We cannot cut this matter short by saying, — The man had freewill, therefore he could have avoided the sin, therefore he was not wronged by the trial. Scripture has a larger and more complex mode of treating this subject. It treats man certainly as having freewill, but the sort of freewill which it describes is a mystery, and not a single definite power cognizable by the understanding. It is clear from Scripture that such freewill as the Gospel secures to us, is not a power of doing anything whatever of a moral or spiritual kind; because Scripture says expressly, that a man may have one gift or spiritual power, and not have another.

But though it is as clear as the day that this is the view of Scripture, and though it is sufficiently clear that, if it is, Achilli was wronged in having a trial imposed upon him at an age when he could not know whether he had the corresponding gift,-ut once has it occurred to the controversialists of the Roman Church to acknowledge this wrong. Yet, if a clear wrong has been done to a man, even though it be one single one, and though he himself be the vilest criminal under the sun, that wrong ought to be acknowledged ; especially if it was done at a critical and telling time. Dr. Newman may say, You, Achilli, are the scandal of the Roman Church : but how can we possibly know, whether Achilli may not say with trutlı- yes,


and with a truth which, in spite of, nay, rather in consequence of his very sins, will be recorded in the Divine register, - You, the Church of Rome, have been an offence unto me. The Roman controversialists had, indeed, a clear right to remind Achilli that he had disqualified himself by his crimes for appearing as a witness and preacher against the Roman Church. But that right ought to have been exerted with forbearance, and under the check of the consciousness that Achilli himself had his ground of complaint, and a real one against Rome. But so far from being conscious of any wrong on their side, or being checked by it, they have, on the contrary, with the blindness of men who can see no fault in the system to which they belong, taken especial pains to urge that very point, that the vow taken at the age of seventeen did include the state of celibacy, to urge itwill it be believed ?-as against Achilli, and for themselves. They have been possessed with the spirit of folly to that degree, that they have mistaken a clear argument against them for an argument in their favour, and have called the special attention of the whole world to this injustice in their system. At the late trial before the Queen's Bench, the counsel of the defendant was instructed to fix upon the vow which Achilli took at the age of seventeen, the special interpretation of a vow of celibacy. The unfortunate man himself, indeed, endeavoured to evade the force of the vow, on what principle, we confess, we are unable to see, except on the general one of denying all acts whatever that were charged upon him by the opposite side. But a witness on his own side expressly fixes this meaning upon the vow.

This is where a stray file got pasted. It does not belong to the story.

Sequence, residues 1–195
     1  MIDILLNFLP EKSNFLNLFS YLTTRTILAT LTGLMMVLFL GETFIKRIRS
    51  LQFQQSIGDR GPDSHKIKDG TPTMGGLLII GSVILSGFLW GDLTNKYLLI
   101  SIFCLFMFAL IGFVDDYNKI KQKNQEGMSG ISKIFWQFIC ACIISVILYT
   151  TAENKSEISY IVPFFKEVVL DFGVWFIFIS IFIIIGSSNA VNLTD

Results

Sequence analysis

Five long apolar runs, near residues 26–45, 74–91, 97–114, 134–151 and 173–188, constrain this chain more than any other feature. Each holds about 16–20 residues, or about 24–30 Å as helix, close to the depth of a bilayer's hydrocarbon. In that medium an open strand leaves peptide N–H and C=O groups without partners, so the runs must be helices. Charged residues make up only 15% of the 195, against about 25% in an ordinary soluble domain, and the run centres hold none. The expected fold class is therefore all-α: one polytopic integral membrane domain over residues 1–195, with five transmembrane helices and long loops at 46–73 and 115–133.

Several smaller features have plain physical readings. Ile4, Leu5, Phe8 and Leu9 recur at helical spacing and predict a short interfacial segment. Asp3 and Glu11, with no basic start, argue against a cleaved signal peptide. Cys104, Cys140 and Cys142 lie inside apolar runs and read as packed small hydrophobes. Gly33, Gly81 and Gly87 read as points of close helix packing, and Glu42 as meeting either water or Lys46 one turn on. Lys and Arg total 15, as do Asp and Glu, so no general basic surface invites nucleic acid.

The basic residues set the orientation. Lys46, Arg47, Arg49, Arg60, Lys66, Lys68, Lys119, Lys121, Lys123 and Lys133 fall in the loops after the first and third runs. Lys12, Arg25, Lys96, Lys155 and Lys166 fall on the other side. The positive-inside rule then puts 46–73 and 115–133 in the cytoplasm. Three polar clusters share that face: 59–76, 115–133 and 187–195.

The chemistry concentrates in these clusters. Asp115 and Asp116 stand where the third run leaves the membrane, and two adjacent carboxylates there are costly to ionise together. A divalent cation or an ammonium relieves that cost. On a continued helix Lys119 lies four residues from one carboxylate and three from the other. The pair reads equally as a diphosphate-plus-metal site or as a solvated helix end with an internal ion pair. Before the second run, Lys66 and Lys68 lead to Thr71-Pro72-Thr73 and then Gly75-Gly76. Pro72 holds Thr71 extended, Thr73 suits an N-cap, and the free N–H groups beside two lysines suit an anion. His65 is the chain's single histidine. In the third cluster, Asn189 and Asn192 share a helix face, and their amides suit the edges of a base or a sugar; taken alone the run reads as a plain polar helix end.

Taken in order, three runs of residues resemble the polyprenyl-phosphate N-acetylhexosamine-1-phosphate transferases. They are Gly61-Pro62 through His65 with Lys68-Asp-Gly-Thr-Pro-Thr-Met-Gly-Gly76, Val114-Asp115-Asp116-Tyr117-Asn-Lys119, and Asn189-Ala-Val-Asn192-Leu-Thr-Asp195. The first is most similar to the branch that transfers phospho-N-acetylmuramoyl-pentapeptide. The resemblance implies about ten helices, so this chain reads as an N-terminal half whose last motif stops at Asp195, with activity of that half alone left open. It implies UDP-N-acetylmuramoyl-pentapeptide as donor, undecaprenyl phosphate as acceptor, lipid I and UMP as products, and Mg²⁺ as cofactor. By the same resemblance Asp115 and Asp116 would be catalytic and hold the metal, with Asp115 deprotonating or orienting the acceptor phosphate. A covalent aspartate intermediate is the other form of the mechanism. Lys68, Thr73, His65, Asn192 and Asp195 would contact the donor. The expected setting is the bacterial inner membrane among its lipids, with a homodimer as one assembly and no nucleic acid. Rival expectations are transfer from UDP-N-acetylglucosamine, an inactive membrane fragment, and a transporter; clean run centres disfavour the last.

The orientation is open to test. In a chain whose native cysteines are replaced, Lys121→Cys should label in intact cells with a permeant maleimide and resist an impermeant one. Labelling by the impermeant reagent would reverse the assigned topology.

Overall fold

• Dominico Pogge, formerly a Dominican monk, now principal of a Protestant educational establishment at Seacombe, near Liverpool, crossexamined by Sir A. Cockburn: “You were one of the Fathers ?“ Yes." “ What vows did you take?” “I took the vow of obedience as a Dominican, but always thought, that though not explicitly, implicitly those of

poverty’and chastity' were included. The book of Ferraris is one of authority, but there are ings in it which have become obsolete." “ But this is an edition of 1783, and it states, Tria vota, paupertatis, castitatis, et obedientiæ, sunt essentia religionis ex jure divino. Now is this so; that the three vows of poverty, chastity, and obedience, are of the essence of the religious life?'' "All that is perfectly true, according to the belief of the Church of Rome.” “So that it would be an essential part of the vow taken by a Dominican, to obey the injunction of chastity ?” “Certainly."